About two weeks ago, President Obama, reacted to the beheading of the young American, Abdul-Rahman Kassig, by saying “We grieve together….”
The president made a wise assumption. It is well nigh impossible to do grief work alone. It is in the context of the community of love that grief work is successfully done by those who suffer times of loss in their pilgrimage through life. Nursed by the Holy Spirit, they will complete their recovery of wholeness. In community life we are shown how to grieve with hope through togetherness with others. This is what empowered Paula Kassig, Abduhl’s mother, to know that our “Our hearts are battered, but they will mend….”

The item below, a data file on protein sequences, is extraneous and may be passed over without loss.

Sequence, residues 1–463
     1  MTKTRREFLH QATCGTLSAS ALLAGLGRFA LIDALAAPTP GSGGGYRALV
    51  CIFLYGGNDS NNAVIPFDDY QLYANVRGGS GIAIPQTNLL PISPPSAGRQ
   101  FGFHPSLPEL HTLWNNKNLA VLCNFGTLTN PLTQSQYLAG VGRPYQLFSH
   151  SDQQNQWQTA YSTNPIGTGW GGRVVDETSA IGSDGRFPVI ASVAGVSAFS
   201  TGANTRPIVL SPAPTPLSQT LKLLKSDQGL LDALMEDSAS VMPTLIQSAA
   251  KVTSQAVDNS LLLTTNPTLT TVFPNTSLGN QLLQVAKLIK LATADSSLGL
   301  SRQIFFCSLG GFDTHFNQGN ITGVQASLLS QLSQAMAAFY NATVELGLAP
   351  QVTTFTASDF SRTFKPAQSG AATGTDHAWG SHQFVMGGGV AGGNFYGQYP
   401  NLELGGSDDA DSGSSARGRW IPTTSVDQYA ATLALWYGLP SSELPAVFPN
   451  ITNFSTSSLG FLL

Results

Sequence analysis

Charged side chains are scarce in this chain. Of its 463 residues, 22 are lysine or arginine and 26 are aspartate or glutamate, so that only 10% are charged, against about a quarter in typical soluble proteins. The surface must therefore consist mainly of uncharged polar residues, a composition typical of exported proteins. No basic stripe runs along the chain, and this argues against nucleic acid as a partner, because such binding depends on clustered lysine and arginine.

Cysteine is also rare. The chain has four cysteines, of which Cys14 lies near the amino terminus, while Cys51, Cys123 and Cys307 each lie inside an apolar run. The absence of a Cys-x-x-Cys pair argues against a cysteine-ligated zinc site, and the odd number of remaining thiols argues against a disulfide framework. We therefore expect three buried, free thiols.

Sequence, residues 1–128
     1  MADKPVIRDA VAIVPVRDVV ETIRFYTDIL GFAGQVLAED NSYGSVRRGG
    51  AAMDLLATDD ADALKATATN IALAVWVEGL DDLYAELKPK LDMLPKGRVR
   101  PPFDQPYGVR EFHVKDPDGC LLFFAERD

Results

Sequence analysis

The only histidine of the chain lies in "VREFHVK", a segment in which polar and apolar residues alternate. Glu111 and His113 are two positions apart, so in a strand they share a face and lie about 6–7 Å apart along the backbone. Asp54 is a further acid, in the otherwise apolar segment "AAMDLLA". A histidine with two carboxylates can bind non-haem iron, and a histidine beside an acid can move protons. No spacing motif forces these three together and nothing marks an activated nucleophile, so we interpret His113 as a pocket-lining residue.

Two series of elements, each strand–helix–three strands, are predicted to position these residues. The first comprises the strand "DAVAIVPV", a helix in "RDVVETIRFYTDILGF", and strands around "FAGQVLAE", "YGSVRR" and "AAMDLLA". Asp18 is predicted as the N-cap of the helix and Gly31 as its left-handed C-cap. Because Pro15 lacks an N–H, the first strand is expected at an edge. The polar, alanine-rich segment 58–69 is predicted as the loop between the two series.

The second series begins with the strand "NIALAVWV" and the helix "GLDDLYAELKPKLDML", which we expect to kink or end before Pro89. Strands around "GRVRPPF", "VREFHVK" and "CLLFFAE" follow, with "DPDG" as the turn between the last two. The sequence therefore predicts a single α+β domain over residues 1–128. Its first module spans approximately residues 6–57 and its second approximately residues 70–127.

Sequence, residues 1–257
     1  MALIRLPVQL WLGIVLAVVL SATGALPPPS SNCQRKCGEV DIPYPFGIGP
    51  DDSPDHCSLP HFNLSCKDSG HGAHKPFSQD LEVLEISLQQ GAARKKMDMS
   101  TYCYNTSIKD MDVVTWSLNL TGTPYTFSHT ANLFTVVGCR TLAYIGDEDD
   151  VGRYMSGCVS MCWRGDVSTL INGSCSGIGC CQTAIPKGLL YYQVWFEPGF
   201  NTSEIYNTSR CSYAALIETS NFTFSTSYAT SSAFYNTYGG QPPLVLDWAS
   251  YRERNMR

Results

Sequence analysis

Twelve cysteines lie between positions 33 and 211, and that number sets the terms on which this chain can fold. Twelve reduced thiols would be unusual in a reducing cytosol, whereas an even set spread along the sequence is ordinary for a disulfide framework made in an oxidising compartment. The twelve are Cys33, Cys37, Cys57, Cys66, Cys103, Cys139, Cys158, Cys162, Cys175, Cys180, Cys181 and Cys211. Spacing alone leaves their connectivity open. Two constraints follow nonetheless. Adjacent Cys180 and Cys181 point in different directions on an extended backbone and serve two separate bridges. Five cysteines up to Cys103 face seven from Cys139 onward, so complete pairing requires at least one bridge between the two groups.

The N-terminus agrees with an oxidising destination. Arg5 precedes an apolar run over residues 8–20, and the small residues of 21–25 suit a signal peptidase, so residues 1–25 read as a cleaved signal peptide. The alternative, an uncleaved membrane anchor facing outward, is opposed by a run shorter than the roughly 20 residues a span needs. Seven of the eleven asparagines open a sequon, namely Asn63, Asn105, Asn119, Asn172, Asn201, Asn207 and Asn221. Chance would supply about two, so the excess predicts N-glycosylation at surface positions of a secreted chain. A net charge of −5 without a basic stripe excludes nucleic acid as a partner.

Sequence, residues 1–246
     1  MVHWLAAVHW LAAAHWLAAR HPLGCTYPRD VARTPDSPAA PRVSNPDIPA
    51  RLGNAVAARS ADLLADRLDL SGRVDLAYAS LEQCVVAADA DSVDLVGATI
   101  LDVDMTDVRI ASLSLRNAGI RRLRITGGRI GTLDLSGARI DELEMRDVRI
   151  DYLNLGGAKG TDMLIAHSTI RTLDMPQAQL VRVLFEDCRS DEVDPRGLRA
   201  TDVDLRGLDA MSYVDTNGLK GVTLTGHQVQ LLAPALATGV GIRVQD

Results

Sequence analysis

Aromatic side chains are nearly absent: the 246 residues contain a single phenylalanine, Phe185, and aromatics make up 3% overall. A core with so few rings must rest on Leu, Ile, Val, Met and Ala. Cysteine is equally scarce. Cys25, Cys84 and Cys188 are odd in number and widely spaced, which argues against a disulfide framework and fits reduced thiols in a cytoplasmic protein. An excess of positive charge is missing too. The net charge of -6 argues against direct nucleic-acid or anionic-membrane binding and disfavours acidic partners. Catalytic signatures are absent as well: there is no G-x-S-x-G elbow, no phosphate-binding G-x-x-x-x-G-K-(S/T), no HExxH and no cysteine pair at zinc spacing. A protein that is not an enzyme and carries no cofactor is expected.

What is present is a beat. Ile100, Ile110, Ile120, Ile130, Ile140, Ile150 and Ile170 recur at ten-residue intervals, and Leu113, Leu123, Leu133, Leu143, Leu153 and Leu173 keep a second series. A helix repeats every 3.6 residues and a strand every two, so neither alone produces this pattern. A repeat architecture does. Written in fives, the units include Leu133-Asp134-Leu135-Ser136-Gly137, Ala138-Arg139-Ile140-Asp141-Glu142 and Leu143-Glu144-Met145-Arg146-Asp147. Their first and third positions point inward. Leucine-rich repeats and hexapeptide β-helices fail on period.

What has the season of Advent to do with all of this? Everything! This blue/violet time is about the night of the alert gate keeper with his lamp, fueled and trimmed. He is more than the economy motel manager who says in the motel add campaign, “We’ll leave the light on for you”, who then goes off duty. The Adventide gate keeper stays with his personal consciousness present, which is more than just leaving a light bulb on. The message in this is that we are called to keep bright our awareness — not of anything in particular, but to be aware of our awareness in the now, forgiving our yesterdays, anticipating the unknown gifts and challenges of tomorrow.
Here are just a couple/few observations about the awareness that is our human consciousness: It has the ability not just to function, but to think about itself, and to wonder how it came to be. Human consciousness usually senses that it has a creator, and, more often than not, desires a relationship with the source of its being. When we explore and search for the Source (who, as it turns out, searches for us also) we allow ourselves to be sculpted into the image of God.